Rabbi Levy shared that now, baruch Hashem, though there is an uptick of COVID-19 cases in our community, it is not in any way as severe as what we experienced in the height of the pandemic. People nowadays are educated and taking proper precautions, which is actively saving lives. These days, going to the hospital doesn’t mean a death sentence. Although there are severe cases, the majority are recovering fully.
Rabbi Levy has countless amazing stories, but he shared two memorable calls that were miraculous. A woman called Hatzolah just a few minutes after candle lighting on Erev Shabbos. Her table was set for Shabbos and you could smell the deliciously baked challah. She called because she “just wasn’t feeling right” and wanted to get evaluated. Upon arrival of the Hatzolah personnel, she was sweating and had some discomfort in her chest. While the Hatzolah members were taking her vital signs and obtaining her medical history, she went into cardiac arrest. With the top-of-the-line equipment provided to every member, they were able to revive her and to further treat her. She went from pulseless to full of life. The doctors in the emergency room told the Hatzolah volunteers that if not for their intervention, she would not be with us today. Rabbi Levy concluded that, as of last week, this dear woman is enjoying her family with much gratitude to Hashem and the Queens Hatzolah volunteers.
Rabbi Levy was once enjoying a leisurely bike ride around the neighborhood when a call came out for a woman in labor. He happened to be just 100 feet away from the home but he did not have any equipment with him. He responded and arrived at the house wearing his biking helmet and riding gloves and delivered the baby. As they were loading the mother and her new baby onto the ambulance, the father approached Rabbi Levy and asked him, “Do you guys wear a helmet every time you deliver a baby?” Rabbi Levy imparted that it is “one bike ride I will never forget.”
Mr. Moshe Vatch, a second-generation Queens Hatzolah volunteer, grew up watching his father respond to calls at all hours of the day and night. He admired the amazing chesed his father does. His older brother is also a volunteer for Queens Hatzolah. When Moshe was in Pre-1A, he told his teacher, “When I am old enough, I want to become a Hatzolah man.” His family instilled in him the idea of putting others before oneself and helping others in a time of need. “When you see others in a time of need, it changes your perspective of life.” He said, “I appreciate the unique opportunity to interact with people of all different ages and backgrounds. You could be talking with a four-year-old girl who broke her leg and in the same day, connecting with a 95-year-old Holocaust survivor experiencing shortness of breath. It’s amazing to connect with so many people from so many different backgrounds.”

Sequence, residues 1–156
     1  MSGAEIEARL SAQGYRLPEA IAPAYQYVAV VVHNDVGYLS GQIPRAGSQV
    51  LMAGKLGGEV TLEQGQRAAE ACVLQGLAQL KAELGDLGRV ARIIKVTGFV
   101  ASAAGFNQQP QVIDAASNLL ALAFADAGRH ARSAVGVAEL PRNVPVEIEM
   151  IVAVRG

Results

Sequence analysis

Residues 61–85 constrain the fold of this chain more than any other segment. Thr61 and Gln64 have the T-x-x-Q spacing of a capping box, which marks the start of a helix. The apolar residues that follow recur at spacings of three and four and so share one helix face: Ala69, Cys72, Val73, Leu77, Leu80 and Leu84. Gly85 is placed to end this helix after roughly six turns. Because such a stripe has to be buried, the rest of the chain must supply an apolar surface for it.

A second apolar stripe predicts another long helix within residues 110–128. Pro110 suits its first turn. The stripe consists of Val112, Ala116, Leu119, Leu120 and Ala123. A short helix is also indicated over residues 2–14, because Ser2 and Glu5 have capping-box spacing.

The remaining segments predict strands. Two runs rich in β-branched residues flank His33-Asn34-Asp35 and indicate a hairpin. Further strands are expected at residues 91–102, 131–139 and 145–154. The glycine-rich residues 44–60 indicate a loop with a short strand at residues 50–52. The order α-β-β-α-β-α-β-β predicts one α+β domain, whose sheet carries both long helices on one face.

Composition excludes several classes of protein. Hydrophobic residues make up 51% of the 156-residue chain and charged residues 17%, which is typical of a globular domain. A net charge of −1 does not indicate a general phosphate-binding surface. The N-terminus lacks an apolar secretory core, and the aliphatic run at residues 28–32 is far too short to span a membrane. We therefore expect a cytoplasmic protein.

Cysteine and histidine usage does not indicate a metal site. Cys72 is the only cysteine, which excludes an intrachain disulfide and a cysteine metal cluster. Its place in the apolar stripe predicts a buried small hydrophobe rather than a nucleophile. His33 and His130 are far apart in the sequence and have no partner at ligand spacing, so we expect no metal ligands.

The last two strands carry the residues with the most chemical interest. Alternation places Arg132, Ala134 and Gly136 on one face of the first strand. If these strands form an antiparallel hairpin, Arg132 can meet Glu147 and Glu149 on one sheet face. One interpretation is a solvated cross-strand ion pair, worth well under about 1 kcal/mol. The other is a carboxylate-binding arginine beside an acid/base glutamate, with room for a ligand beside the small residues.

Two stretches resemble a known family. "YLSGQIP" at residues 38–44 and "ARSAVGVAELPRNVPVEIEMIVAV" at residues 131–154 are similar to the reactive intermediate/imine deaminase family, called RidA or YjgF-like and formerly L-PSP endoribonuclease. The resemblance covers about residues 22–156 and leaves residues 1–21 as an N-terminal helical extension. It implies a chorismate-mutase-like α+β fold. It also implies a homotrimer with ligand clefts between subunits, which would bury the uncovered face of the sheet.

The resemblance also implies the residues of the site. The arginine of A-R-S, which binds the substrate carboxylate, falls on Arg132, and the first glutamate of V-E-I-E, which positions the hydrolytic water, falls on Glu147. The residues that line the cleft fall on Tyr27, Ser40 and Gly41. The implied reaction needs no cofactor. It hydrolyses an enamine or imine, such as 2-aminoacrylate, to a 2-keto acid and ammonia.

Moshe added that a large percentage of calls to Hatzolah come from the Bukharian community in Forest Hills, Rego Park, and Kew Gardens Hills. Queens Hatzolah’s response time is significantly better than 911. “Hatzolah saves lives all day, every day.”
Moshe shared an incredible experience of helping save a man’s life who at the time was 18 or 19 years old. A few years later he bumped into him; however, this time he was with his wife and children. “One more generation is now here because Hashem gave you the z’chus to help that person survive.”
Moshe shared that one of his most difficult experiences during the height of the COVID-19 pandemic was that many of the patients he took to the hospital would unfortunately not survive and that he was the last person to speak to a number of these patients.
Mr. Emanuel Fozailov, another devoted Bukharian volunteer, decided to join Queens Hatzolah when he saw the care and professionalism their members demonstrated while helping his family member, and he realized the impact this organization has on the community.
When Emanuel joined Queens Hatzolah three years ago, he was introduced to a whole new world of helping others. His family was very supportive of his sacrifice for the community. He often leaves on Shabbos or Yom Tov, and his family not only understands the importance, but they are very proud of him. Emanuel said that “when you are in an emergency situation, the training you have kicks in. Later you say to yourself, did we really do that?” He is very grateful to be one of the Queens Hatzolah volunteers.
By Susie Garber